Thursday, March 24, 2005

"Great Political Issue"

The number one news story of the past few days is whether or not Terry Schiavo, the woman in Florida who is considered to be in a "vegetative state," should be taken off life support and allowed to die. I have chosen not to discuss issues about this case because to me it is a page 30 story and not a front page one, and it's prioritizing by the American press shows what kind of condition the American press is in--not good. To further aggravate this outlandish emphasis on a non-important story, Congress over the weekend played out the unusual and absurd circus of voting on a law, at midnight no less, which they knew the courts would not listen to. Then Bush was awakened in his jammies to sign this junk, simply to make this issue a banner for the Republican so-called "morals and values" hammering-home to the numb sheep of the public willing to be swayed.

So, you ask, why am I discussing this now that I said that those who do bring this story to the forefront are simply gossip-mongers and silly? I received an email from yesterday which referred to this debacle of a misuse of legislative power and resources, and said that a memo was circulated among the Republican members of congress regarding taking up the Schiavo "cause." The Moveon email said that ABC News had uncovered this memo. The specific mention on the ABC web site is as follows:

"ABC News obtained talking points circulated among Senate Republicans explaining why they should vote to intervene in the Schiavo case. Among them, that it is an important moral issue and the 'pro-life base will be excited,' and that it is a 'great political issue...this is a tough issue for Democrats.' "

Moveon's email characterized the use of this memo: "This story also takes the heat off Tom DeLay, who is facing a number of serious ethics charges and legal scandals." Frist and Delay also condemned the memo, naturally.

The point of bringing this up today is to make sure we all are aware that this congress, and this president and his administration, are not working for us as public servants, but in fact are working for the big donors who paid to put them in office. These big money businesses and individuals may or may not have interests that coincide with the rest of us. As Arianna Huffington stated in her column this week, when congress and the president gave favorable dispensation and legislation to the auto and oil industries, it didn't help Joe Doaks and his family out there trying to keep up with increasing gas prices and everything else that's gotten tossed aside:

"And our leaders in Washington--their pockets stuffed with oil, gas and auto-industry donations--have been willing accomplices in this financial fiasco."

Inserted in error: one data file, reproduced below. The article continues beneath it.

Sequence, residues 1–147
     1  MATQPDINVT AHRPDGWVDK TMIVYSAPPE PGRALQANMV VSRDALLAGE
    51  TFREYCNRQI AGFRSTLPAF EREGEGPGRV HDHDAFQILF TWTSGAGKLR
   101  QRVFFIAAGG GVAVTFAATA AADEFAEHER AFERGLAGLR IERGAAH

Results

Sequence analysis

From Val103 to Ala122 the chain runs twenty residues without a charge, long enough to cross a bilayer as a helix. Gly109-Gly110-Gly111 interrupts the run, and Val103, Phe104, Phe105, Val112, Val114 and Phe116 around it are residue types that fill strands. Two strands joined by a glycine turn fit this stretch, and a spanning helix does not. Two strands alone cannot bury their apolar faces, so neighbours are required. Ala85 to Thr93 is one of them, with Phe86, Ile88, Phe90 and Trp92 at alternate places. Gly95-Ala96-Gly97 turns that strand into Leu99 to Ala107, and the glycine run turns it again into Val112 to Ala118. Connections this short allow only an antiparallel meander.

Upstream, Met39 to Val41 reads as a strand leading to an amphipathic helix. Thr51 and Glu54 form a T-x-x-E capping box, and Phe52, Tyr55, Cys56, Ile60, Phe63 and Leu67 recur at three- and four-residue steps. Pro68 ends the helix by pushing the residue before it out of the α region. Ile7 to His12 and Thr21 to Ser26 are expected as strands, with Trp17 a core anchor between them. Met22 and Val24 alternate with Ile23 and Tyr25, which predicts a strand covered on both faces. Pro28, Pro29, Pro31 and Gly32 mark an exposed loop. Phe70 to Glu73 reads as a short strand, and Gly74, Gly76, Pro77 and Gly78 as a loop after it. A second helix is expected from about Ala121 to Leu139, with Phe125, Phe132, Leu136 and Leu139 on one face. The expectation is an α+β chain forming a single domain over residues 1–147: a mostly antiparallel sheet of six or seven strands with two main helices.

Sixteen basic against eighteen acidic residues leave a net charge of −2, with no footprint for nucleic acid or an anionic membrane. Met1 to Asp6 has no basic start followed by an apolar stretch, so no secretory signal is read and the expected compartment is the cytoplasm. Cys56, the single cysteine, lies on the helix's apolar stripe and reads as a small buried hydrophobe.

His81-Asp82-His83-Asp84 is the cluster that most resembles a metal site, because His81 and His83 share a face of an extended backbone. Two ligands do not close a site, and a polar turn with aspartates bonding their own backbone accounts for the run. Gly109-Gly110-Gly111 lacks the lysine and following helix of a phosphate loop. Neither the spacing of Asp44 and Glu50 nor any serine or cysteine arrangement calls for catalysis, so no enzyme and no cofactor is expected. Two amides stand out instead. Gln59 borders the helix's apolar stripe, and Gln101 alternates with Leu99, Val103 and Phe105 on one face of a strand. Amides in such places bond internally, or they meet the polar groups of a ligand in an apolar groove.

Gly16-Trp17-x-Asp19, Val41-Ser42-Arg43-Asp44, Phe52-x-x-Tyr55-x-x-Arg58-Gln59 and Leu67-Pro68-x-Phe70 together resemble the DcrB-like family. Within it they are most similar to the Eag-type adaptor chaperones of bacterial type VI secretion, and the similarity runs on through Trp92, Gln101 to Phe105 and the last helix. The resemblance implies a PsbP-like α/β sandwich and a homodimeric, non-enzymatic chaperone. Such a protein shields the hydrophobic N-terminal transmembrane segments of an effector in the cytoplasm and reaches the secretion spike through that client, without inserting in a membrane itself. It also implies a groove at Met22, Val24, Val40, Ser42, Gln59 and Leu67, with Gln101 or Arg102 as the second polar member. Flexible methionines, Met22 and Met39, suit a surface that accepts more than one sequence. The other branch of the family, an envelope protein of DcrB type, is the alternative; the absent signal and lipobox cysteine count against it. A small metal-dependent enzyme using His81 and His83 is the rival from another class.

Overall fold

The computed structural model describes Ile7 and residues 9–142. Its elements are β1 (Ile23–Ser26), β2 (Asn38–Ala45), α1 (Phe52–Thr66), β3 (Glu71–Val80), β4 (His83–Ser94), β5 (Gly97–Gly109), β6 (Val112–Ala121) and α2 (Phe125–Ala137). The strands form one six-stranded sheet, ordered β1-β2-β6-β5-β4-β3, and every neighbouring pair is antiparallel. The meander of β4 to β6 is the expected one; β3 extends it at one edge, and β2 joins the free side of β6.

The "smoke and mirrors" game of this Republican administration and congress, which keeps the press and hopefully for them, the rest of us, preoccupied with non-issues such as Schiavo live-or-die, Social Security, and morals and values, instead of the real problems facing this country, like poverty, racism, war in Iraq, underfunding of our schools and on and on--it's working as long as we the public, who are not being properly served, let it.

Today's column from the New York Times by Frank Rich, "The God Racket, From DeMille to DeLay," is well-documented and clever in dredging up and out what is the problem with combining morality, politics, and religion. My favorite quote refers to what percentage of our fellow Americans really relate to these fundamentalist Christian views in light of the Schiavo case:

"All this is happening while polls consistently show that at most a fifth of the country subscribes to the religious views of those in the Republican base whom even George Will, speaking last Sunday on ABC's "This Week," acknowledged may be considered 'extremists.' "

Mr. Rich's entire column is worth digesting. Just as Emperor Claudius said, "Let all the poisons come out," maybe if it gets worse, and these arrogant, non-responsive elected officials make more glaring mistakes, and really, truly, "the poisons come out..." maybe they'll bring themselves down. Even so, our vigilance is still required.


  1. Dismissing the save Schiavo people is a mistake. So is suggesting that the courts are protecting Schiavo's right to die. Living wills are great in principle, except they make it impossible to change your mind. You might be trapped in a body unable to communicate. What do you then do if someone is about to kill you in fullfillment of your wishes. If you want to know how harrowing this issue can be, check out Linn Ullmann's new novel GRACE. Everyone interested in the Schiavo case should read it before deciding.

  2. Very thoughtful remarks. The intent was not to dismiss the "save the Schiavo" people. I am concerned with the intensity and emphasis on this issue instead of the greater challenges which affect all of us. The Schiavo story belongs in a tabloid, not the front page of my morning newspaper. The question of living wills and all that surrounds the people involved in the Schiavo situation is a great item to discuss and review. But not at the expense of informing us of the true issues at hand.


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